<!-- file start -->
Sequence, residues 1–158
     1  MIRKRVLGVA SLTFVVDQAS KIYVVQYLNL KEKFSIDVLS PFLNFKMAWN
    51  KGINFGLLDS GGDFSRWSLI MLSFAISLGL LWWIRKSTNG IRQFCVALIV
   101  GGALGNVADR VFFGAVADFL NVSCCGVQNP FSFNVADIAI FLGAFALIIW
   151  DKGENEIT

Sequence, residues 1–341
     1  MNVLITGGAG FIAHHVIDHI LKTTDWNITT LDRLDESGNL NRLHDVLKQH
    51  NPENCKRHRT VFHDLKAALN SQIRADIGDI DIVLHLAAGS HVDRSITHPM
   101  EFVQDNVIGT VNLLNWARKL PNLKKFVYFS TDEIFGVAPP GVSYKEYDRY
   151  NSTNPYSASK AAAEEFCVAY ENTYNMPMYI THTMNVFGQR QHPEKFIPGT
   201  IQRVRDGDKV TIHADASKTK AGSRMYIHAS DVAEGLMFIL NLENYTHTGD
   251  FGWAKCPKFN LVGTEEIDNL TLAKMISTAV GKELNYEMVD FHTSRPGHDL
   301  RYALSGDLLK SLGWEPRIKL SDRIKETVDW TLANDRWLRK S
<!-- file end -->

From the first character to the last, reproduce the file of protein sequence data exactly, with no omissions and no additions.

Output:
Sequence, residues 1–158
     1  MIRKRVLGVA SLTFVVDQAS KIYVVQYLNL KEKFSIDVLS PFLNFKMAWN
    51  KGINFGLLDS GGDFSRWSLI MLSFAISLGL LWWIRKSTNG IRQFCVALIV
   101  GGALGNVADR VFFGAVADFL NVSCCGVQNP FSFNVADIAI FLGAFALIIW
   151  DKGENEIT

Sequence, residues 1–341
     1  MNVLITGGAG FIAHHVIDHI LKTTDWNITT LDRLDESGNL NRLHDVLKQH
    51  NPENCKRHRT VFHDLKAALN SQIRADIGDI DIVLHLAAGS HVDRSITHPM
   101  EFVQDNVIGT VNLLNWARKL PNLKKFVYFS TDEIFGVAPP GVSYKEYDRY
   151  NSTNPYSASK AAAEEFCVAY ENTYNMPMYI THTMNVFGQR QHPEKFIPGT
   201  IQRVRDGDKV TIHADASKTK AGSRMYIHAS DVAEGLMFIL NLENYTHTGD
   251  FGWAKCPKFN LVGTEEIDNL TLAKMISTAV GKELNYEMVD FHTSRPGHDL
   301  RYALSGDLLK SLGWEPRIKL SDRIKETVDW TLANDRWLRK S